I’m sitting here and my mind is blank. Is it too early to think literary thoughts? Or maybe I need much more coffee?

Whatever it is, all I can think is that sure enough, it’s Halloween. Eerie is probably a good word for the day. And how much eerie, aerie, and airy sound alike but mean such different things.

dark cemetary


Osprey returning home to the aerie

Osprey returning home to the aerie

Airy afternoon at the marina

Airy afternoon at the marina

Oh, you mean I should post something about Halloween and it being eerie, even though it’s bright and sunny and delightfully warm?

jack o lanterns halloween

Hope that’s eerie enough for’ya 🙂 Whatever it is you do today, make sure it’s very eerie, but keep the space airy near the aerie!



Witchy Women

I thought this was a great Halloween cartoon, so here it is, in honor of Day of the Dead, Samhain, All Soul’s Day … and … well, the last day of the best month of the year.

Evil Squirrel's Nest


Some of you (OK, one of you) have noticed that I let my Tuesday “Draw Me A Picture” series kinda slack while Bashful’s adventures were hijacking my blog.  While I can’t promise draw me a pictureDMAP will be anything other than hit or miss for the remainder of the year… I will eventually draw all of the ideas you guys have submitted to me, so don’t worry if you thought I’d forgotten about you (If you even remembered you sent me something yourself!)…

This week’s drawing was requested by longtime friend of The Nest Juliette, the Vampire Maman (I hear she shares a birthday with yesterday’s DVA honoree).  She wanted to see “vintage Halloween pinups of Hottie and her girlfriends.”  I’m not sure this directly qualifies, but it’s the best I got.  Hottie and her friends MBRS and Hooly going all bubble bubble toil and trouble on poor Buster.  Hottie’s a little…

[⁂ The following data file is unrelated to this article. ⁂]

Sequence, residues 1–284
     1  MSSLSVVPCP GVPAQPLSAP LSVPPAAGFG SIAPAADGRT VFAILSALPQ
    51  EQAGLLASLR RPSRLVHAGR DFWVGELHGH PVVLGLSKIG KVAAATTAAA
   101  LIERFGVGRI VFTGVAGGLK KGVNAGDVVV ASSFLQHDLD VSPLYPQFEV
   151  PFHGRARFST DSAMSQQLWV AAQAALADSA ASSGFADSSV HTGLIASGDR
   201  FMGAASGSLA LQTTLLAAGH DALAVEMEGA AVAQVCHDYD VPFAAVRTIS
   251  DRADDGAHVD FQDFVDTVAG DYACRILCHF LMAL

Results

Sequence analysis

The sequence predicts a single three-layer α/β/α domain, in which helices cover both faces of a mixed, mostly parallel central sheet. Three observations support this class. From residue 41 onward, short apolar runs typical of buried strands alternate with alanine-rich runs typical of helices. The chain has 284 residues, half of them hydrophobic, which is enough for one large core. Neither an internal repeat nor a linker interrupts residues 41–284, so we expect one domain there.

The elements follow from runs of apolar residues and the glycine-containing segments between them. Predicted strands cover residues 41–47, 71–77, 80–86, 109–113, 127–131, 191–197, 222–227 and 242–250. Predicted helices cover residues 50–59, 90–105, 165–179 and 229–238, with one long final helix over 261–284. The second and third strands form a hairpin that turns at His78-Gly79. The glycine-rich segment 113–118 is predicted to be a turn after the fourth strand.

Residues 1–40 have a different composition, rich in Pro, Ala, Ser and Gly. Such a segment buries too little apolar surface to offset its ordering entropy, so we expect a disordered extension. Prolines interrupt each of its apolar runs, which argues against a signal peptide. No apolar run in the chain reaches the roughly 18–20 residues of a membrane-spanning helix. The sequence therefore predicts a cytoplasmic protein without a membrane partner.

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I just read several articles about the recent outpouring of anti-Semitic vitriol on Twitter from Trump supporters and white “nationalists.”

I am Jewish. My parents were both born in the U.S., but my grandparents were born in Russia or the Ukraine. I grew up on stories from my maternal grandmother about living in a Shtetl, where murderous, anti-Semitic rampages by the Cossacks were commonplace. Jews were not allowed to socialize freely with the gentile population, let alone intermarry. My great-grandfather was a respected Rabbi and one of the rare Jews who was allowed to do business with the Gentiles in the big town of Minsk.

racist-signs-and-protestersIn addition to these stories, I heard a lot about the plight of the Jews in Germany and Eastern Europe as the Nazis came to power. As a child, I used to think about what I would take with me if that ‘knock on the door’ came one night to take me away from my home and my life. I often wondered if I would be the kind of person in a Concentration Camp who shared my bread and tried to help others, or if I would do whatever I had to do to protect myself.

Today, I am terrified when I read some of the anti-Semitic stereotypes and accusations that are used online. They sound just like the propaganda used against Jews, not just in the 30’s and 40’s but all the way back to the Middle Ages in Europe. Romans probably also used similar rhetoric against Jews even before they started hating Christians as well.

Overt and virulent antisemitism has been relatively dormant in America for decades. Jews seemed to have assimilated into the mainstream to the point of almost becoming invisible. Or so I thought. Antisemitism has clearly not been socially acceptable for a while. So it wasn’t expressed openly very often, and I didn’t have to think about it or experience it directly.

I always knew it was still ‘out there,’ but I assumed it was less prevalent, less vicious and irrelevant. Now, I have to face the facts. Large segments of America’s population still hold to the same hatred and stereotypes which have plagued Jews for centuries. Americans are more tolerant and enlightened overall today, but apparently, some things won’t die out.


An anti-Jewish sign posted on a street in Bavaria reads “Jews are not wanted here.” Germany, 1937. – US Holocaust Memorial Museum, courtesy of Julien Bryan

For now, it’s ‘just words’. My family is testament to the fact that words morph into accepted — even prevailing — attitudes, then actions. Finally into social norms and policies. I don’t think we are poised to become a fascist state. I don’t believe anti-Black, anti-Muslim, anti-Mexican or anti-Semitic language and behavior will be tolerated by most Americans. I certainly want and need to believe that.

Nonetheless, it’s still uncomfortable for me. Having to deal with the hatred I know is there for me because of my lineage or the religion I don’t even practice is disturbing on so many levels. It was better when the haters had to hide under a rocks and were afraid to come out in the open. That’s where they belong. Under rocks.